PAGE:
3. Cost – It’s hard to compete with a freemium pricing model. Implementing a BI solution has been traditionally cost prohibitive. However, now Power BI Desktop is free, Power BI Mobile apps are free, Power BI Service is mostly free. If you need the Power BI Pro features, Power BI is packaged with the Office 365 E5 plan, it has an enterprise license, and I’ve heard customers get further discounts from Microsoft.

Next, I’ll review specific Power BI strengths for different user types.

Business Users

By “business users”, I’ll mean information workers that don’t have the necessary skills or desire to create data models.

  1. Content packs and Get Data – Basic data analytics needs can be met in Power BI without modeling. For example, if the user is interested in analyzing data from Salesforce, the user can use the Salesforce content pack and get predefined reports and dashboards. Further, the user can create their own reports from the dataset included in the content pack. What if your cloud data sources have a lot of data and content packs are impractical? Microsoft is rolling out pre-configured scalable solutions (currently, Salesforce and Dynamics CRM).
  2. Productivity features – Power BI has several features that resonate very well with business users. Q&A allows users to ask natural questions, such as “sales last year by country”. Power BI interprets the question and shows the most suitable visualization which the user can change if needed. Within 20 seconds, Quick Insights applies machine learning algorithms that help business users perform root cause analysis and to get insights that aren’t easily discernible by slicing and dicing, such as to find why profit is significantly lower in December. Such productivity features are missing in competing products.

Data Analysts

Data analysts (power users) are the primary audience for self-service BI. Power BI excels in the following areas:

  1. Data shaping and transformations – Source data is rarely clean. Excel Power Query and Power BI Desktop queries allow the data analysts to perform a variety of basic and advanced data transformations. For example, these features could help the data analyst shape the data without staging it first to a relational database.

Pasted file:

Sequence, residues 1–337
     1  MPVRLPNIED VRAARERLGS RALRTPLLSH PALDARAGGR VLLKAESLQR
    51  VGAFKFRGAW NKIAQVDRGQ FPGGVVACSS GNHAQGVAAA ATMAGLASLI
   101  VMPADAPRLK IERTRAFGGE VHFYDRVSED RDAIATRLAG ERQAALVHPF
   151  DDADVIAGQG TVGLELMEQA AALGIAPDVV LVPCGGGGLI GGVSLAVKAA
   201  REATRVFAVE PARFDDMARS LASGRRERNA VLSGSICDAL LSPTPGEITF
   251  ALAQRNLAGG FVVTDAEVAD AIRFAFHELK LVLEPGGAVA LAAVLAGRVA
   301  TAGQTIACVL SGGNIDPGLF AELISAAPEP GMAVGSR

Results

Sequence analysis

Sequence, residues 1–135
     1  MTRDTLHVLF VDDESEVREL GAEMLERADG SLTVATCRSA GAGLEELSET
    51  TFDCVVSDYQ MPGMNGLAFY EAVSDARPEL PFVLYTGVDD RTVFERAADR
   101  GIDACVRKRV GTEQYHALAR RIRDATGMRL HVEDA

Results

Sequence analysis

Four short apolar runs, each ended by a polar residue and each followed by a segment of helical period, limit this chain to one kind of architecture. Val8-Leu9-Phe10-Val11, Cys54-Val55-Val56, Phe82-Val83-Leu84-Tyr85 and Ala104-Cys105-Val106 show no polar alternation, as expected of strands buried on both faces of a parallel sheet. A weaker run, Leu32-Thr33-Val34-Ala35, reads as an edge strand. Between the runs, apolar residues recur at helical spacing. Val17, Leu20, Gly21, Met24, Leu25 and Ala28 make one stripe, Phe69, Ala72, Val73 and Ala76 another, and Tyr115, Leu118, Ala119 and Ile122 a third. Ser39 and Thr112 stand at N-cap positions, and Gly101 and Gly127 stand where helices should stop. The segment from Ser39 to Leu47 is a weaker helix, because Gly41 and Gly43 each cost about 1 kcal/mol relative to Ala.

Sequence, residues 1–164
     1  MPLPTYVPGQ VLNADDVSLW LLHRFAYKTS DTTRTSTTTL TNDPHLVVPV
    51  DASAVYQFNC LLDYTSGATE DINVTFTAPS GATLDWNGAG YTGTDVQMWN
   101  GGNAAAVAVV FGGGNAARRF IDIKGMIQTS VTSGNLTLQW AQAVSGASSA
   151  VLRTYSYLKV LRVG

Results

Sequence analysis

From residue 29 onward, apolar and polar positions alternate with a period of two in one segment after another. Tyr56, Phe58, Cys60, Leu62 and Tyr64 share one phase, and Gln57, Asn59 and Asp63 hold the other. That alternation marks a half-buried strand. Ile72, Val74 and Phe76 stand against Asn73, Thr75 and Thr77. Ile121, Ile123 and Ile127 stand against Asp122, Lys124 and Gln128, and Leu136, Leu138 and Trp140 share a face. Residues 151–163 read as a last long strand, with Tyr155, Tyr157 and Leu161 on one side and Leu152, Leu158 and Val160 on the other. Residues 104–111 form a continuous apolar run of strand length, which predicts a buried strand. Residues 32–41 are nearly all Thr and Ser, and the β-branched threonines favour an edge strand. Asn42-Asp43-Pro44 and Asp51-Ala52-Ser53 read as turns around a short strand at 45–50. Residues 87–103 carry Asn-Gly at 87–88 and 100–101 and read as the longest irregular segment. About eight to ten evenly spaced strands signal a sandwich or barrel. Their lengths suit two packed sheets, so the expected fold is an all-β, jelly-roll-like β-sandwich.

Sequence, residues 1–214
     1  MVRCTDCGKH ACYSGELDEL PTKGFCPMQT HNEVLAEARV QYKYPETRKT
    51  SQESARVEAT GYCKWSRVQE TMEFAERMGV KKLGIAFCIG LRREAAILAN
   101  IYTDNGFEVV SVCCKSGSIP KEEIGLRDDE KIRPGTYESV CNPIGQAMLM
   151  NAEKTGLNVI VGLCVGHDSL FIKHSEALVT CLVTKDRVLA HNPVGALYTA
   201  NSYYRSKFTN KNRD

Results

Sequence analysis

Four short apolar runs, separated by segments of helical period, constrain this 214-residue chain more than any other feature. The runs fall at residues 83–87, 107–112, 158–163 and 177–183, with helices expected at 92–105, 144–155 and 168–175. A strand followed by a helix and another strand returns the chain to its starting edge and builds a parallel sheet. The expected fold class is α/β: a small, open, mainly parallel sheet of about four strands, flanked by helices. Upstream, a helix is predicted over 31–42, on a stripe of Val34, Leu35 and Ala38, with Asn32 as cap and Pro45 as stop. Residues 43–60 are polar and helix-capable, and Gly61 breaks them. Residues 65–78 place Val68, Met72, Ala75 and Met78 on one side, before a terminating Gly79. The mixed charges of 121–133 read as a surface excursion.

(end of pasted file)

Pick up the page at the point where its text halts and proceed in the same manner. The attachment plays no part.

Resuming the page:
2. Sophisticated data models – Power BI offers much more advanced modeling experience where a data analyst can build a self-service model on a par with semantic models implemented by BI pros. For example, the model can have multiple fact tables and conformed dimensions. Power BI supports one-to-many and many-to-many relationships.
  3. Powerful programming language – The Data Analysis Expressions (DAX) excels any other vendor’s programming language.

BI and IT Pros

Besides the ability to integrate Power BI to implement synergistic solutions, pros can build hybrid solutions:

  1. Hybrid solutions – Want to get the best of both worlds: always on the latest visuals while leaving data on premises? Power BI lets you connect to your data on premises.
  2. Semantic layer – Many organizations are considering a semantic layer to achieve a single-version of the truth. If your staff is experienced in Power BI modeling, you’ll find that they already have 80-90% of the knowledge they need to implement a Microsoft-based semantic layer with Analysis Services Tabular. This gives you a nice continuum from self-service to organizational BI. For more information about why a semantic layer is important, read my newsletter “Why Semantic Layer?”.


Developers has much to gain from the Power BI open extensible architecture.

  1. Custom visuals – Power BI allow developers implement custom visuals which can be optionally shared to Power BI Visuals Gallery.
  2. Extensibility – Power BI has a comprehensive REST API that allow developers to integrate Power BI with custom apps. For example, Power BI let developers push data into datasets for real-time dashboards and manipulate deployed objects programatically. Power BI Embedded, currently in preview, allows developers to embed interactive reports without requiring installation of tools and with very attractive licensing model.

Improvement Areas

Here are some areas that customers have identified where Power BI needs improvement:

  1. Direct Query – Currently, Direct Query is limited to a single data source. Microsoft should extend Direct Query to support multiple data sources within a single model.